Aloha, thanks for dropping in!
If you're wondering why I picked the name, "Jane & Her Joe" here's a short story to explain how J&HJ came to be:
It took a treacherous 35 miles of rowing our Oru Kayaks, mostly against the currents and wind on the Hudson River, until I spotted a a small island to land on for a rest. After setting up camp with my friend Sung I built a fire and brewed us some coffee. The Joe always comes first. Miraculously those coffee beans stayed dry the whole ride up & down from Manhattan to the Hudson Valley. Just before sunset, YETI mug and camera in hand, I ventured to the edge of Iona Island and looked out on the waters I grew up on. Indispensable memories were made with my family on the Hudson from paddle boarding, watching West Point's July Fourth fireworks, to hiking in Bear Mountain State Park and organizing a friend's first ever camping trip for their birthday. The nickname some friends have for me, 'Jane' (from Tarzan), and the undeniable fact that I obsess over my coffee added a hint of inspiration to the title, but it was after this reflective time spent on the water that I wrote the name "Jane & Her Joe" down to caption the photo beside this story.
But it's more than a caption.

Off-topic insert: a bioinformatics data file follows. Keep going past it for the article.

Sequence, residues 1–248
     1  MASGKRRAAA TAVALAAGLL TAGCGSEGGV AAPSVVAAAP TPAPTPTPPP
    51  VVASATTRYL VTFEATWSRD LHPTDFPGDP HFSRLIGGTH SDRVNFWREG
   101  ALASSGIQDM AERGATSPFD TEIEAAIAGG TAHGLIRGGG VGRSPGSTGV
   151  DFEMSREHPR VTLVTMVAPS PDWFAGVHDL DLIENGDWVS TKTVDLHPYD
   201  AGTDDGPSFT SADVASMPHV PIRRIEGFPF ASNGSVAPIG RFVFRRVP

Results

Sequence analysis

To me, JANE represents every woman who is the resistance to mainstream.
JANE expresses herself fearlessly, and her hiking boots are only the start of the conversation.
And, HER JOE is any vice that gets her through the day and allows her to inspire the improbable in life.
Some of my JOEs include: my bike, my outdoor cooking gear, my dog (Ralph), and my brother Blake who will hike anything anywhere with me.
There are JANEs all over the world and they are inspiring the improbable everyday. I'm excited to share a lot of other JANEs and their JOEs with you all in an upcoming publication that's in the works. If you'd like you can view a preview here. Mahalo!
PS - As for the Pidgin slang, my braddah Blake and I were military brats growing up. He was born at Tripler Military Hospital on Oahu and we always get asked if we are "hapa" meaning part Hawai'ian, part other. So, that upbringing is why you'll often hear me spreading the idea of aloha.